This Labor Day weekend, we will reach the midway point of the comment period for Americans to voice their opinion about the Food and Drug Administration’s (FDA) proposed rule for labeling foods gluten free.
If you haven’t commented on the FDA’s proposed gluten-free labeling rule, comment right now by clicking here. It will take you step-by-step through the process.
The FDA announced 4 weeks ago today that they were reopening the comment period for us about their proposal to allow foods with less than 20 ppm of gluten be considered gluten free. And at this time, only 67 have been posted publicly. Now before you get outraged (as I did while preparing the post)…hang tight.
Yes it’s only 67, but Siobahn DeLancey from the FDA’s Office of Public Affairs told me Tuesday these commonly get backlogged. If what I saw was any indication, yes, they do! I started reading the comments and noticed those 67 comments were written and submitted in the first two days of the comment period. There are no recent comments posted so far. So giving them the benefit of the doubt– I would presume there are several hundred sitting there waiting for “approval” (fingers crossed!).
DeLancey said, “…they aren’t posted in real time because they have to be reviewed to remove any company confidential information first.” With any luck, many more will be put into the system soon!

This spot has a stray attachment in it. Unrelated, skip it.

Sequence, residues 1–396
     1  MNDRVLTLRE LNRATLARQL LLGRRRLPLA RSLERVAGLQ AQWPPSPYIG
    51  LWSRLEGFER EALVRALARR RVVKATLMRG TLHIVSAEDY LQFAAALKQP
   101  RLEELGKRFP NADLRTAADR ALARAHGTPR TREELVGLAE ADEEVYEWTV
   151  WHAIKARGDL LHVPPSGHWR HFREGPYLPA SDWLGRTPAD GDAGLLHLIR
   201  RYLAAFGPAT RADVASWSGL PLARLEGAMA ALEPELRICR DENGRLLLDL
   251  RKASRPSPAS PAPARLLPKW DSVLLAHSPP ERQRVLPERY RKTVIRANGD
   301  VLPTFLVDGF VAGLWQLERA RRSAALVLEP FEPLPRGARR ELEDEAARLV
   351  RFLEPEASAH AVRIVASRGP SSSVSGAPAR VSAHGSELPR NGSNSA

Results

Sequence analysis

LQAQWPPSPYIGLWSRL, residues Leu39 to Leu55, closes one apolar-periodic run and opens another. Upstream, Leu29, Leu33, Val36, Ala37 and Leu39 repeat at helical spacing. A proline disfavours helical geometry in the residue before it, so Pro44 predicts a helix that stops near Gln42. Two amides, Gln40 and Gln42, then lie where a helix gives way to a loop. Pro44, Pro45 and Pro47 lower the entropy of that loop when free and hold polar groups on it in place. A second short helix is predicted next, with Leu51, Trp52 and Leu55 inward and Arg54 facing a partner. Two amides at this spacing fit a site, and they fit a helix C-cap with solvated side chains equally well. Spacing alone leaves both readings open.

What do the submitted gluten-free comments say?
DeLancey also explained the FDA wouldn’t start reviewing the comments until after the comment period has closed.
So instead of waiting, I started reviewing them.
Just as a side note, the site actually says there are 207 comments– but most of them are actually document submissions from the FDA and others, as well as comments from many years ago. So the 67 I am counting are since August 3, 2011.
Well, I found the majority of submitters support the idea of labeling or specifically the 20 ppm standard. Next in line were the “others” who talked about other things, like “please add labeling to drugs/medications” and “gluten should be listed like wheat and milk in FALCPA.” The smallest number wanted change to the proposal. Most wanted to see a strict zero ppm for labeling something gluten free. There were a few others whose comments weren’t made public.
Some of them covered several topics at one time– which made it a challenge to categorize. Take Maribeth Moore’s comment for example, “Thank you for taking seriously the importance of gluten-free labeling. It is important, as a person with Celiac, to have accurate labeling. I do like the idea of a symbol to make reading easy, but it is not mandatory for me. I know that for now this measure does not cover medications. It would be nice if in the future that gluten labeling would be done on medications also. Pharmacists often have a difficult time researching some medications for gluten.”
Drew Morgan of Washington showed the other side, “I cannot believe that this is even a question, nor that there is any debate about the answer. GLUTEN FREE should be exactly that, FREE OF GLUTEN, 0 ppm.”
This is what the FDA is dealing with. In some cases a very divided group. Anyone can see these any time. Just go to the FDA’s regulations website and input the docket number FDA-2005-N-0404 in the keyword box– then the comments will come up!
I think it is vitally important that if you haven’t commented yet– please do so now! You only have about a month yet! Let your voice be heard!